Oddly refreshing is the album's detour into nostalgia. Much of this album sounds as if it was imported from the mid-90's with its employ of synthesizers and drum pads, but instead of sounding washed-up and exhausted, it comes together in a naturally progressive way. Jenssen's nod to the old school is sincere, and you feel that he only references his past self to make his present sound more complete.
To say "N-Plants" is the best Biosphere album would be a silly thing to claim. The albums all feel like a natural extension of the other while never feeling like a silly conceptualization project. Jenssen is capable of producing music that feels like icicles being jabbed into your spine. He conjures a remoteness that can be stifling yet inspiring. "N-Plants" is a departure from this aesthetic without losing any intensity. It's not as emotionally devastating as most of the Biosphere we're used to, but we don't mind being uplifted, even for an infinitesimal amount, after trying to adjust to the darkness.
Okay so this is weird â€“ in February 2011 Gier Jenssen finished an album that he had dedicated to the Japanese post-war reconstruction and, specifically, their futuristic nuclear program. After surveying photos he became fascinated by the idea that nuclear power plants could be built so close to seas and in earthquake-prone areas, and this slowly became the focus for the record. A few months later, hearing the album is a totally different experience â€“ we are now in the aftermath of one of Japanâ€™s most grave disasters and Jenssenâ€™s findings have an eerie poignancy. The music itself is hardly melancholy, but has a damaged, cold, digital edge which mirrors the clean architectural perfection of these ominous structures, pre-earthquake of course. As Jenssenâ€™s clipped, purposeful rhythms make their way slowly into the synthetic patterns they guide the record and give a very fitting stark Kubrickian sci-fi haze. â€˜N-Plantsâ€™ almost reminds me of early SND (think â€˜Stdioâ€™ or â€˜Makesndcassetteâ€™) but played at the wrong speed. These are slow, booming passages of sound and carried out with a masterful ear, and the razor sharp precision of a true veteran of the field. Lazy, lackadaisical witch-house this is not, but â€˜N-Plantsâ€™ certainly shares threads with its purposeful slow-down of dance music tropes. Rather than doing this for a specific trend, Jenssenâ€™s sound rather seems to be rooted in its subject matter; the visions of the future that remain entrenched in the past, and the hopes of our ancestors that simply end up dashed on the rocks of our mistakes. Without the context â€˜N-Plantsâ€™ is an affecting, engrossing listening experience, and with the added air of melancholy it makes it all the more haunting. Huge recommendation.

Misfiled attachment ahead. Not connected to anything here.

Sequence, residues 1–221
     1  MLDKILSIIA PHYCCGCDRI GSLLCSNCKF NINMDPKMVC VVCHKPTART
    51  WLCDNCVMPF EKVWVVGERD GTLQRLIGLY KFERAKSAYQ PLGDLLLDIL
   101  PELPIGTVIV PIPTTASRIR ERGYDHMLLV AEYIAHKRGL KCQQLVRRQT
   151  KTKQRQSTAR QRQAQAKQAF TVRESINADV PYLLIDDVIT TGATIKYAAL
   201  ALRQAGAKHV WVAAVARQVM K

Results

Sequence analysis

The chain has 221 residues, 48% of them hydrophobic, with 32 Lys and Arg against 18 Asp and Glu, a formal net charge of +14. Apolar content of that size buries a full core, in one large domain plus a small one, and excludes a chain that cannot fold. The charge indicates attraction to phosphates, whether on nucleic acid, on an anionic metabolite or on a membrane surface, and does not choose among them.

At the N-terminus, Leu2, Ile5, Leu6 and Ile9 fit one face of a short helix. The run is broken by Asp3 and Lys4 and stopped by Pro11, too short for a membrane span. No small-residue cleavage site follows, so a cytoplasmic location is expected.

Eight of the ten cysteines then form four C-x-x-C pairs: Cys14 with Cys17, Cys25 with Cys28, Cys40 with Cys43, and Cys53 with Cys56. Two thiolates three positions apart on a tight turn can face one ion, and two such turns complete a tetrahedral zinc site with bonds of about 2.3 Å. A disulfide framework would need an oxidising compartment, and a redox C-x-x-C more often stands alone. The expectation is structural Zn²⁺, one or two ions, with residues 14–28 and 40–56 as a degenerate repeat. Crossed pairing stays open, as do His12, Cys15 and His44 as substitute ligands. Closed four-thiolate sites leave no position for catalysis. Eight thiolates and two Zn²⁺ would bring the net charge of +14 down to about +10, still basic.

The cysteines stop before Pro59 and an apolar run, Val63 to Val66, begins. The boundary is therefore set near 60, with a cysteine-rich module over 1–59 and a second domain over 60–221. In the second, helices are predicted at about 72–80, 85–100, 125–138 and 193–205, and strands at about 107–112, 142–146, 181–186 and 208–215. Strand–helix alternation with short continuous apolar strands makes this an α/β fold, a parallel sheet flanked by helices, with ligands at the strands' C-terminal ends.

Norman Records (UK):
Geir Jenssen is total zen-master when it comes to producing ambient landscapes. Viewed reverentially as something of a visionary spirit within the techno world, his albums all carry a rich individuality and strong identity. What is remarkable and somewhat spooky about this eagerly awaited return to the fray is the concept - Geir was researching into the post-war economic boom in Japan and eventually narrowed his field of interest down to the humble old Japanese Nuclear power plant, their apparently safe location brought into question by the weight of historical ground faults and the prevailing geophysical dangers and risks, especially facing countries in the pacific region. How could he have known the awful fate that would befall poor Japan earlier this year? But with Biosphere's music, there is usually a strong wave of peace and optimism running throughout and this album is another classic offering I must say! With some of the most affecting gliding synths, android keys, understated pulsing rhythms and a divine underlying aura of tranquility, 'N-Plants' is a lush, cohesive album that flows beautifully, easily measuring up to past glories whilst sounding like little he's done before. When beats are employed they're unobtrusive, the electronic soundscapes he conjures up are breathtaking and sensual as you like. Like as in much Russian electronica, Norwegian ambient music possesses both intoxicating glacial moods and a strong human element in the playful, dreamy synth work. You truly get into the idea of these tunes all being attributed to the otherworldliness and powerful efficiency of such futuristic behemoths as Mihama - a chance encounter with a photo of that particular plant leading to the fruition of this particular project. One to treasure like all his others!!
Further information/reviewsFor more information, please visit this product's webpage.
Track 1: Sendai